MCF-7 and 4T1 cells were transfected by constructing a CYP1A1 overexpression plasmid. The experiment was divided into four groups: the solvent control group (vehicle group: normal breast cancer cells + solvent), THC stimulation group (THC group: normal breast cancer cells + THC 80 μM), CYP1A1 overexpression group (CYP1A1 group: overexpression of CYP1A1 breast cancer cells), and THC-stimulated overexpression of the CYP1A1 breast cancer cell group (THC + CYP1A1 group: THC 80 μM + overexpression of CYP1A1 breast cancer cells). The results showed that after transfection of CYP1A1 plasmid, the expression level of CYP1A1 increased in cells. The transfected breast cancer cells were stimulated with THC (80 μM) for 48 h, and WB assay showed (Fig. 5A) that NF-κB and p-IκBα expression increased in the CYP1A1 group compared with the THC group. By contrast, the expression level of NF-κB and p-IκBα in the CYP1A1 group was decreased compared with the THC + CYP1A1 group. Meanwhile, the experimental results showed (Fig. 5B) that the survival rate of breast cancer cells increased after the overexpression of CYP1A1 compared with the blank control group, and the inhibitory effect of THC on the proliferation of breast cancer cell was weakened after the overexpression of CYP1A1. In clone formation experiment (Fig. 5C), the formation speed and size of breast cancer cell clones in the CYP1A1 group increased compared with the control group, whereas the formation ability of breast cancer cell clones in the THC + CYP1A1 group decreased compared with the THC group. Meanwhile, after the overexpression of the CYP1A1 gene in breast cancer cells, the experimental results (Fig. 5D) show that the cells in the THC group undergo apoptosis, whereas the breast cancer cells in the CYP1A1 group are in a good state with almost no apoptosis. In addition, the breast cancer cells in the THC + CYP1A1 group undergo almost no apoptosis. These results indicate that CYP1A1 overexpression affects the regulation of apoptosis in breast cancer cells with high doses of THC. Moreover, THC can inhibit the metastasis of breast cancer cells in vitro by inhibiting EMT transformation. After the overexpression of the CYP1A1 gene, experimental results showed that the inhibitory effect of high-dose THC on metastasis of breast cancer cells was significantly weakened. As shown in Fig. 5E, F, the “wound recovery” and invasion ability of breast cancer cells in the CYP1A1 group were enhanced, whereas the metastasis and invasion ability of cells in the THC + CYP1A1 group were enhanced compared with that in the THC group. Furthermore, THC on the NF-κB signaling pathway and PD-L1 protein expression were regulated after overexpression of the CYP1A1 gene.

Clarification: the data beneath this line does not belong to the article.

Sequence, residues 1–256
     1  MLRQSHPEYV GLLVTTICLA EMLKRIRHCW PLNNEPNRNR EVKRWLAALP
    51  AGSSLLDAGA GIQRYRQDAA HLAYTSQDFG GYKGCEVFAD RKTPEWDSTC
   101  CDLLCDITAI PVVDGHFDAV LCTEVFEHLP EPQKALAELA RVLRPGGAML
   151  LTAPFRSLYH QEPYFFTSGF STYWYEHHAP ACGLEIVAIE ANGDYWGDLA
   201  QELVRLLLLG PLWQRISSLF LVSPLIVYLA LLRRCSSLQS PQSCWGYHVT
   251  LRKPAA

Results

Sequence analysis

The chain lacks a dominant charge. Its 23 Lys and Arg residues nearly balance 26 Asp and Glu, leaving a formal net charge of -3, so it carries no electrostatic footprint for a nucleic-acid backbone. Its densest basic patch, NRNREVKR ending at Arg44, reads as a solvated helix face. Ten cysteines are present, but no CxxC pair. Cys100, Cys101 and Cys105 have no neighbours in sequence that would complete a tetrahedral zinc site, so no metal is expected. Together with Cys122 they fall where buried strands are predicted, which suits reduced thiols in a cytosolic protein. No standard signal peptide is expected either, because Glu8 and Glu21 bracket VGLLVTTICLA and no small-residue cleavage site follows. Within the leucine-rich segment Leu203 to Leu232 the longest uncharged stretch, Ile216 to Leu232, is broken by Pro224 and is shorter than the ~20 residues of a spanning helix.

Knockdown of the CYP1A1 gene and regulation of the NF-κB signaling pathway and PD-L1 protein expression using THC
MCF-7 and 4T1 cells were transfected by constructing the CYP1A1 knockdown plasmid. After transfection, the expression of CYP1A1 in cells was detected by reverse transcription polymerase chain reaction (RT–PCR) and WB assay. The experiment was divided into four groups: solvent control group (vehicle group: normal breast cancer cells + solvent), high-dose THC stimulation group (THC group: normal breast cancer cells + THC 80 μM), CYP1A1 knockdown group (sh-CYP1A1group: CYP1A1 knockdown group), and THC-stimulated knockdown group (THC + sh-CYP1A1 group: THC 80 μM + sh-CYP1A1 breast cancer cells). The transfected breast cancer cells were stimulated with THC (80 μM), and WB experiments were performed 48 h after stimulation. The results showed that the expression level of NF-kB and p-IkBa was decreased in the THC, sh-CYP1A1, and THC + sh-CYP1A1 groups (Fig. 6A). Compared with the sh-CYP1A1 group, the expression level of NF-κB and p-IκBα in the THC + sh-CYP1A1 group also decreased. After CYP1A1 knockdown, group (Fig. 6B), and the inhibitory effect of THC on the proliferation of breast cancer cells was enhanced after CYP1A1 knockdown. In the clone formation experiment (Fig. 6C), the formation rate of breast cancer cells in the sh-CYP1A1 group decreased compared with the vehicle and size of breast cancer cell clones in the sh-CYP1A1 group were lower than those in the vehicle group, and the formation ability of breast cancer cell clones in the THC + sh-CYP1A1 group was lower than that in the high-dose THC group. These results indicate that the knockdown of CYP1A1 can positively regulate the anti-proliferative effect of THC on breast cancer. Based on the experimental results (Fig. 6D), after CYP1A1 gene knockdown in breast cancer cells and administration with 80 μM of THC, breast cancer cells experienced significant apoptosis. After CYP1A1 knockdown, the apoptosis rate of breast cancer cells in the sh-CYP1A1 group increased. In addition, after CYP1A1 knockdown and THC stimulation, we found that the apoptosis rate of breast cancer cells in the THC + sh-CYP1A1 group was significantly higher than that in the sh-CYP1A1 group, indicating that CYP1A1 knockdown enhances the role of THC in promoting the apoptosis of breast cancer cells. After knockdown of the CYP1A1 gene, experimental results showed (Fig. 6E, F) that the metastasis effect of breast cancer cells in the THC group was significantly inhibited compared with the solvent group, whereas the “wound recovery” ability and invasion ability of breast cancer cells in the sh-CYP1A1 group were also weakened. Moreover, compared with the sh-CYP1A1 group, the metastasis and invasion ability of the THC + sh-CYP1A1 group were significantly reduced. These results suggest that the knockdown of CYP1A1 in breast cancer cells can promote the inhibitory effect of THC on breast cancer metastasis.
THC inhibits tumor growth in vivo through the CYP1A1/NF-κB axis in MCF-7-bearing nude mice